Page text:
As ESPN's NEXTEL Cup season progressed, the network forced Kolber into becoming the object of fan anger by inserting her on-camera even as green flag racing continued in the background. Kolber promoted non-racing sports, interviewed celebrities, and offered discussions and recaps of the race even as it was still in-progress right over her shoulder.
Nowhere was that situation more out-of-control than the Pocono race in August, where Kolber closed the pre-race show with a full-length music video. "Shut-up and Drive" has become a painful reminder of the Disney entertainment influence on ESPN's NASCAR coverage. After seven months of hard racing, and with only a handful of races before The Chase cut-off, a pop music video topped the hard news from the Cup Series.
ESPN relieved Kolber of the Busch Series pre-race duties, and gave that program to Allen Bestwick, but the damage was done. For many fans, Suzy Kolber and Rusty Wallace had come to define ESPN's NASCAR coverage. As the season ended in Homestead, it was almost a relief.
Now, after an off-season that seems to get more microscopic every year, the NASCAR on Fox gang walks into a very different fan base. Viewers know that the booth team of Mike Joy, Larry McReynolds and Darrell Waltrip will bring themselves to the table prepared. Fox's pit reporters are the best in the business, and Jeff Hammond's hard work from the infield has kept both his profile and his credibility high.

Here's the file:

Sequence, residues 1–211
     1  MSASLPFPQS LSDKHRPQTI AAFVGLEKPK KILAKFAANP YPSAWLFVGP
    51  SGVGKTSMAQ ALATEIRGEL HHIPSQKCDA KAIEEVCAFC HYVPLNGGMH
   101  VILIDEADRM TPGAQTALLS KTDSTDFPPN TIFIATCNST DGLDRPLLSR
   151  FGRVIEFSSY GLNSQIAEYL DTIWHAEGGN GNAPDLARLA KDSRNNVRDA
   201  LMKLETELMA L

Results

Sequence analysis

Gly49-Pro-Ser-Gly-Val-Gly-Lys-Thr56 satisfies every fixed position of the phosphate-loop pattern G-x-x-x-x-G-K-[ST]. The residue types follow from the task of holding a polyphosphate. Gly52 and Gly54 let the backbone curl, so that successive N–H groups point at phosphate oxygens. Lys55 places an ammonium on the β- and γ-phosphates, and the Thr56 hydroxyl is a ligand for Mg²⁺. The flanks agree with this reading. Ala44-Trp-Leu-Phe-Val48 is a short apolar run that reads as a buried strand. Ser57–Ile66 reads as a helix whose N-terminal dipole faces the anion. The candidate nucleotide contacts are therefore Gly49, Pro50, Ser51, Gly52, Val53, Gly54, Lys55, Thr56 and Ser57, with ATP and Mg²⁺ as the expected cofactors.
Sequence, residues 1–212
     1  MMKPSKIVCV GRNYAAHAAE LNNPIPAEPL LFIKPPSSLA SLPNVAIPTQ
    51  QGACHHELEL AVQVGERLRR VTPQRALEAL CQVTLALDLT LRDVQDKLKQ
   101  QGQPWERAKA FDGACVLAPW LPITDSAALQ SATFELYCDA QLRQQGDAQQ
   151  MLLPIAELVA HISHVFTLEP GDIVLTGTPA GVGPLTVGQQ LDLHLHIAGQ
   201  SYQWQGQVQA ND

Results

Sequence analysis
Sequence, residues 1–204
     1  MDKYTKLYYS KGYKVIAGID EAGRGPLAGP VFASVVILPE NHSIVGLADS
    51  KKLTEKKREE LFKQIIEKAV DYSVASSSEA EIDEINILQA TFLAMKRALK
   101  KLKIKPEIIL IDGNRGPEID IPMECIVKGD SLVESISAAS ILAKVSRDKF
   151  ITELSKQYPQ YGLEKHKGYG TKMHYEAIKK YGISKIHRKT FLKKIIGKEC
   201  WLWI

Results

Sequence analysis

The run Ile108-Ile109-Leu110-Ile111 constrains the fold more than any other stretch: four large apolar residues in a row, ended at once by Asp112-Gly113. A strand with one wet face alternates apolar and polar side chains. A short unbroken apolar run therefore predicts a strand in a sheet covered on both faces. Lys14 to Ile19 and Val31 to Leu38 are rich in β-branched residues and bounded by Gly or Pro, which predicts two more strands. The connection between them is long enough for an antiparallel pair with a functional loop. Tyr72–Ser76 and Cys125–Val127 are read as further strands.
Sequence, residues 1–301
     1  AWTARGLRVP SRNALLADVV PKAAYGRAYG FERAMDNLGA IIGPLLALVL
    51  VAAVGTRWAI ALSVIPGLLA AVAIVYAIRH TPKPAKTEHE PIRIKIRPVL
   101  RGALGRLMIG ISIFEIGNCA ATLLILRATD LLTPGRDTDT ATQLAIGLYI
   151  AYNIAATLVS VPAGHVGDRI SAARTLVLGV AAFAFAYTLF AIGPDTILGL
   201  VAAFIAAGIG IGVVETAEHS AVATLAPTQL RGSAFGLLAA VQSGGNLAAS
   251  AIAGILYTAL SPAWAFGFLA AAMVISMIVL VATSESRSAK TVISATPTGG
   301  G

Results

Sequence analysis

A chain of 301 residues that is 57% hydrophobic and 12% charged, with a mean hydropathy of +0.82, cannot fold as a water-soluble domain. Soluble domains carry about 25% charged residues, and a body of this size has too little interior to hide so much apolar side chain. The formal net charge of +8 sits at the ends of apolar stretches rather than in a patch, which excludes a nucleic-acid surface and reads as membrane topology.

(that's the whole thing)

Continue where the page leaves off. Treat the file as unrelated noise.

Suddenly, all eyes are on Chris Myers. This season, the goofy humor and the embarrassing moments will take on a new meaning. SPEED viewers have now had an entire season of watching John Roberts and Steve Byrnes host every kind of TV show possible from the Cup tracks.
These are the two men that took the "burden" of keeping NASCAR TV credible, put it on their backs, and carried the load in 2007. Roberts and Byrnes combined to give NASCAR fans the kind of "at the track" feel that ESPN and TNT never delivered.
Byrnes hosted countless practice and qualifying shows, along with his Trackside and NASCAR Live duties. Roberts anchored the RaceDay franchise for SPEED, along with Victory Lane, Tradin' Paint and almost anything else the network needed.
Ironically, many times during the Fox portion of the season, Byrnes anchored his practice and qualifying shows from the Hollywood Hotel. He was sitting in the chair normally occupied by Chris Myers, and he looked good in it.
This February at Daytona when Chris Myers looks around, there will be lots of NASCAR TV veterans looking right back at him. Several of them worked non-stop for the entire racing season and hosted hundreds of hours of live national TV programs. Like the fans, they have the memory of Suzy Kolber fresh in their minds, and the reaction to her by TV viewers.
Fox needs to come out of the gate with poise and dignity to begin a big repair job with the fans. They need to fix a credibility gap they did not create, but must address. If the goofy antics and the forced attempts at humor of the Hollywood Hotel from last February surface again, fans may simply continue the trend of deciding they have better things to do.
No matter how many funny antics, no matter how many inside jokes and no matter how many electronic TV "toys" they bring, no TV network can prevent a viewer from simply walking away.
The NASCAR on Fox gang needs to remember that after they left the sport last season, that is exactly what one in every ten NASCAR TV viewers did. Chris Myers has his work cut-out for him.
The Daly Planet welcomes comments from readers. Simply click on the COMMENTS button below, and follow the simple instructions. There is nothing to join and we do not want your email address. We just want your opinion about the upcoming NASCAR season on TV.